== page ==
The trend towards anode materials is to reduce or eliminate cobalt while increasing specific energy and voltage. Currently, one anode material that is unlikely to be used by the top 10 lithium ion battery anode material companies in marine applications in the short term is lithium sulfur.
Although its energy density is twice that of today's lithium-ion batteries, it does not improve the volumetric energy density of lithium NMCs. It also has life cycle problems that cannot be fully addressed.
Sodium is considered a potential alternative to lithium. Because it is rich in reserves, there are many technological overlaps with lithium ions. In addition to the reduced specific energy, larger sodium ions are embedded or removed from the electrode, which also shortens the battery's cycle life.
Finally, in the next 15 to 20 years, lithium-air batteries may appear. Metal-air batteries may also face the same problems as fuel cells, namely slow discharge, and may also require the support of high-power battery types. However, this battery type is still in the laboratory research stage.
5. Battery use and installation standards
Currently, there are guidelines for the use of marine batteries. The UK-based Bureau of Shipping Foundation (LRF) has publicly released guidelines for the installation of large batteries.
Rapid developments in electrochemistry and safety standards should go hand in hand. General guidance on battery installation. It is pointed out that the development of lithium-ion batteries in large-scale energy applications is still in its relative infancy, especially in the marine and offshore industries.
The guidelines were developed to provide technical requirements and reference standards to facilitate the effective installation and use of lithium-ion battery systems.
6. Current and future fuels
① Fuel cell
Batteries are unlikely to store all the electricity needed for ranges longer than 500–1,000 km (about 270–540 nautical miles). Therefore, as part of a hybrid system, although battery technology is associated with long ranges, there is still a need to replace the huge consumption of fuel with other energy sources that are less carbon intensive.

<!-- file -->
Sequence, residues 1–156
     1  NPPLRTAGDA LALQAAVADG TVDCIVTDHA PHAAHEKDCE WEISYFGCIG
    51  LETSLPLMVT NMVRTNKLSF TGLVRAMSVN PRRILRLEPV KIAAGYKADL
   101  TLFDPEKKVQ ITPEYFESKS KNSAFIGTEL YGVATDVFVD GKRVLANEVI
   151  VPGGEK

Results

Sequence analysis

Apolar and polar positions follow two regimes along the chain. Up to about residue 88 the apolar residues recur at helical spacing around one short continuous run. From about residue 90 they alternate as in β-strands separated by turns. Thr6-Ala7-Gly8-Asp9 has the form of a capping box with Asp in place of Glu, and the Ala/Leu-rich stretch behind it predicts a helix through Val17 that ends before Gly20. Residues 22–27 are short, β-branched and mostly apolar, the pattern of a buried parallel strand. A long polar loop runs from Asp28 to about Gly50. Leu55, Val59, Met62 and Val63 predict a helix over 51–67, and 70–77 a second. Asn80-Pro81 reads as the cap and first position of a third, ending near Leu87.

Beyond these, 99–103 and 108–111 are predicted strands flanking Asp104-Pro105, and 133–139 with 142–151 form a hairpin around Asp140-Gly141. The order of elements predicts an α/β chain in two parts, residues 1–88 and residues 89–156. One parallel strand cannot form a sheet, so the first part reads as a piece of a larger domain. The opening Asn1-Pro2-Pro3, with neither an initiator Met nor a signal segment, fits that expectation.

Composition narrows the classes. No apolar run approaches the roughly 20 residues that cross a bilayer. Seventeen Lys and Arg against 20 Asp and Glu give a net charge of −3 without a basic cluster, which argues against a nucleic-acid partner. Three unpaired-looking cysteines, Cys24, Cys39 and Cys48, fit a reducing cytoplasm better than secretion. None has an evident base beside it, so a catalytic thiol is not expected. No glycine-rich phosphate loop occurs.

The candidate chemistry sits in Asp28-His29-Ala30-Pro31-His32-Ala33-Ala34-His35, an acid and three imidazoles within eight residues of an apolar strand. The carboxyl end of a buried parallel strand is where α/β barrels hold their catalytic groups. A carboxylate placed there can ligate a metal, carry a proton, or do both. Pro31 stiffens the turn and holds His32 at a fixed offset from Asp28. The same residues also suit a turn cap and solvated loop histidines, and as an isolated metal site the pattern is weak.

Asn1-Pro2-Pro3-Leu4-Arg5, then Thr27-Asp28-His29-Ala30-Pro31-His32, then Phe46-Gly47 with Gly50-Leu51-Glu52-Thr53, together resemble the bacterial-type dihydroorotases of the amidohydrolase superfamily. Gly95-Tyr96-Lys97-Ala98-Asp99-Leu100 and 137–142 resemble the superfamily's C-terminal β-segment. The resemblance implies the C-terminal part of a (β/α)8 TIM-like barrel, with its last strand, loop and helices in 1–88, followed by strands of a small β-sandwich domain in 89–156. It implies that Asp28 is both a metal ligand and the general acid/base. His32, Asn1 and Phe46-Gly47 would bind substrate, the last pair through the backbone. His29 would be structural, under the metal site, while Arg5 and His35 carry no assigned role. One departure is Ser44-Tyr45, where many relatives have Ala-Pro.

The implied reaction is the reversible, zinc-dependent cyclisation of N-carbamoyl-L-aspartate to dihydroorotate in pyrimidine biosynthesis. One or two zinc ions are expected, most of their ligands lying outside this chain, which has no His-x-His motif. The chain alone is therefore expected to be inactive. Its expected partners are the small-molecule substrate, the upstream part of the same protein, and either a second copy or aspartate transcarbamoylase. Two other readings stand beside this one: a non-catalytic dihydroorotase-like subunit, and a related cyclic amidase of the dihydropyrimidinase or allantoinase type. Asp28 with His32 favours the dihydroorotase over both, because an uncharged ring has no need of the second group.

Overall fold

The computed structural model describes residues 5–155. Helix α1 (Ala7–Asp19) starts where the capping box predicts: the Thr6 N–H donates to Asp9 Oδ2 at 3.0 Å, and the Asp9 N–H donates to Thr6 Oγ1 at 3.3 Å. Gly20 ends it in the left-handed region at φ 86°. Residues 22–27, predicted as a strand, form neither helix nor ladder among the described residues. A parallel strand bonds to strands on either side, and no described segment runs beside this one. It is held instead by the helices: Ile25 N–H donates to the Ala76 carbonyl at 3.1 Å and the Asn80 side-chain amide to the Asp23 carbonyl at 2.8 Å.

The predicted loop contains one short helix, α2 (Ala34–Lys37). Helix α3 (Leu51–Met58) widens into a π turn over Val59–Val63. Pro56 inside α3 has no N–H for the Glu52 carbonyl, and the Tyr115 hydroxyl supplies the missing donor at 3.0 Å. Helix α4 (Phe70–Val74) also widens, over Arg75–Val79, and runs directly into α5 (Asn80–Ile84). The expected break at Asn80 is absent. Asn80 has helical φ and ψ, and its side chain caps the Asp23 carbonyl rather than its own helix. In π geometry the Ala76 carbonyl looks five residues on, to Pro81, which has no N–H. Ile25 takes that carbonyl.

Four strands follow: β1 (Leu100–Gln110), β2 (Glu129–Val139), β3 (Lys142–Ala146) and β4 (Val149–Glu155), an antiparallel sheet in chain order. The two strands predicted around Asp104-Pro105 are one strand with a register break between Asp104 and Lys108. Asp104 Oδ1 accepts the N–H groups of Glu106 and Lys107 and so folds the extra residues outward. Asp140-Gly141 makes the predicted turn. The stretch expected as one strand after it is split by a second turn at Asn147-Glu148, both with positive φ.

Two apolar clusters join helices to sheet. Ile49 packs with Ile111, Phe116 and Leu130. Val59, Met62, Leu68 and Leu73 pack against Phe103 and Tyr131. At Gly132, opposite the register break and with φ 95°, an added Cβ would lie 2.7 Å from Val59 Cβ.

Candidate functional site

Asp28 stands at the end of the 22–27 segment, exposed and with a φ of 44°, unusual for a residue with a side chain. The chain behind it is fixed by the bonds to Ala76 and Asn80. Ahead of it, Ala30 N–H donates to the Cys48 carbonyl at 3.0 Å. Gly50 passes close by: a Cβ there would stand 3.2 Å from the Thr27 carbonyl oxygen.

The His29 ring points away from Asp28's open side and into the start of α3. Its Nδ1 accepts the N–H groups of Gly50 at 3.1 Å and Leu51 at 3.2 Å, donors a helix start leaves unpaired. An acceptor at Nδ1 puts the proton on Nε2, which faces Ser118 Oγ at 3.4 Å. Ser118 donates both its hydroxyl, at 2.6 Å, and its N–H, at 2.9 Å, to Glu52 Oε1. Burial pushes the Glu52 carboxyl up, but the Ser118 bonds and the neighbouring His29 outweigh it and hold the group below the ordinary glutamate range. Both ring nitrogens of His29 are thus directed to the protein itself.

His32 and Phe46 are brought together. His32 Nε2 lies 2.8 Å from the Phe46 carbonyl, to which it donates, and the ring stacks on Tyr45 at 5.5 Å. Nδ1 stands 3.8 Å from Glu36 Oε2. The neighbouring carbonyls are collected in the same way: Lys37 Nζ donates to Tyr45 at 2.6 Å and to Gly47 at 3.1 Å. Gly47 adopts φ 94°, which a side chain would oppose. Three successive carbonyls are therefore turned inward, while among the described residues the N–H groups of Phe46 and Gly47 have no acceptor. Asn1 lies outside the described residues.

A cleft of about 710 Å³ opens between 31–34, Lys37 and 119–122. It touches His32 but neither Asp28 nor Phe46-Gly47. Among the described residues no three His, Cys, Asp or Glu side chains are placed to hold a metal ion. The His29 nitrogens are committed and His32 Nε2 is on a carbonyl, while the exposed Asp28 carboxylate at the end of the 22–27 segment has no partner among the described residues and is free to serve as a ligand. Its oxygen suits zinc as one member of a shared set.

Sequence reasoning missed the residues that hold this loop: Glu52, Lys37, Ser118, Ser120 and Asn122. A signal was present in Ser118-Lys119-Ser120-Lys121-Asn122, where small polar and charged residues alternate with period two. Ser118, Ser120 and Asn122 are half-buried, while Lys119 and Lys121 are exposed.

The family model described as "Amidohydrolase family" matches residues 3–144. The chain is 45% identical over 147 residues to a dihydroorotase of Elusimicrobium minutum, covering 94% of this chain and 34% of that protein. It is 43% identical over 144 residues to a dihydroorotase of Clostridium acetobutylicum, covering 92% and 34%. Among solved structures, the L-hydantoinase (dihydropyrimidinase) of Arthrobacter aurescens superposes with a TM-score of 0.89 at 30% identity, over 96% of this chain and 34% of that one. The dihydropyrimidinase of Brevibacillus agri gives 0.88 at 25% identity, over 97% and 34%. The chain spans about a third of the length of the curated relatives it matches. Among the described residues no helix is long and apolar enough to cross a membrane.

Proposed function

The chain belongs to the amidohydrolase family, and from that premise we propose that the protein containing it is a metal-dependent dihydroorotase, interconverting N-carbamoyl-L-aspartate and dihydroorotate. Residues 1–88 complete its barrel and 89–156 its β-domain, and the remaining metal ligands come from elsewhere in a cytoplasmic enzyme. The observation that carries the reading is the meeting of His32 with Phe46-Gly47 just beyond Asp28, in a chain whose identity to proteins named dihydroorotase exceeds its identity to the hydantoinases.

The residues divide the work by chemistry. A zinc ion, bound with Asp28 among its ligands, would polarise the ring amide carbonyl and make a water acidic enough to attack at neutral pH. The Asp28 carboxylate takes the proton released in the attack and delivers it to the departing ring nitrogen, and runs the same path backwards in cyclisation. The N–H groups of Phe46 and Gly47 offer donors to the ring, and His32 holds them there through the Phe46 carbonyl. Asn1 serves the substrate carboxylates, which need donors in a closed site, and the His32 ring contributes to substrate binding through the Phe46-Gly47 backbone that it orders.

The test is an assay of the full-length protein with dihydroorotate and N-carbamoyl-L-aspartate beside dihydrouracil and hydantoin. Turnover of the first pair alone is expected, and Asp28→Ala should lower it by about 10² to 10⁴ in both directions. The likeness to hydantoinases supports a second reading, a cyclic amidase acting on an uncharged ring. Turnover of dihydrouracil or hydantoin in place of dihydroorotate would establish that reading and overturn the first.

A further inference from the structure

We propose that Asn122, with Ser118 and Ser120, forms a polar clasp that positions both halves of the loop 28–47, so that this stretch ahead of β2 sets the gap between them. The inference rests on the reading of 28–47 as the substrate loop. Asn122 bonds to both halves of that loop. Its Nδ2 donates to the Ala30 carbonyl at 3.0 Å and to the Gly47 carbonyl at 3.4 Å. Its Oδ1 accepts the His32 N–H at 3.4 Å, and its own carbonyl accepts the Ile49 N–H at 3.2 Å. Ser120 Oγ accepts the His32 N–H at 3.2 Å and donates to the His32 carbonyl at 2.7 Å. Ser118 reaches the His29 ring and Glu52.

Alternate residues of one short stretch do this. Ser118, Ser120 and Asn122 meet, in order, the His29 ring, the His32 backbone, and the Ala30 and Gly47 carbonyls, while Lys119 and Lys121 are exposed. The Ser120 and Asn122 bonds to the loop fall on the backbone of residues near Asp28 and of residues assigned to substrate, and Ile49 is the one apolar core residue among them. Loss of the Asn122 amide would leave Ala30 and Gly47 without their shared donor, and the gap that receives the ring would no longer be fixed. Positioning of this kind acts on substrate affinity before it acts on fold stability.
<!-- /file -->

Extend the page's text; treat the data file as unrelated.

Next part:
This is especially important because batteries are powered by ships that make up only a small fraction of shipping, while ships use 77% of the world's heavy fuel oil and 90% of the fuel used by cargo ships; only 10% is used for passenger ships, fishing boats, tugboats, military vessels, etc.
Fuel cells are another attractive battery-type option for future ship propulsion. Fuel cells convert fuel into electricity with up to 50% efficiency. However, fuel cells are still very expensive due to cost issues.
A 24 volt marine battery is rather attractive option for ships with shorter sailing distances, including engineering vessels and harbor tugs. To a large extent, this choice is related to the relatively simple hydrogen production process, which requires only an electrolytic hydrogen production device, a power supply system, and a water supply system. Therefore, it is only necessary to install an electrolyzer in the port.
Supercapacitors are special technology with a specific energy of less than 20 Wh/kg but a specific power of up to 30 kW/kg. They store energy through the separation of charges.
This process occurs in the electrolyte as well as on the electrode surface and does not involve any ions embedded in the electrode. They can last for thousands of cycles. Although supercapacitors can be used as an option for marine power solutions, they are not actually used.
The chemical properties of lithium iron phosphate batteries currently used in the marine industry can provide sufficient power support. In addition, any type of metal-air battery in the future may not have high specific power due to its inherent slow oxygen reduction reaction, so supercapacitors may have application prospects in the future.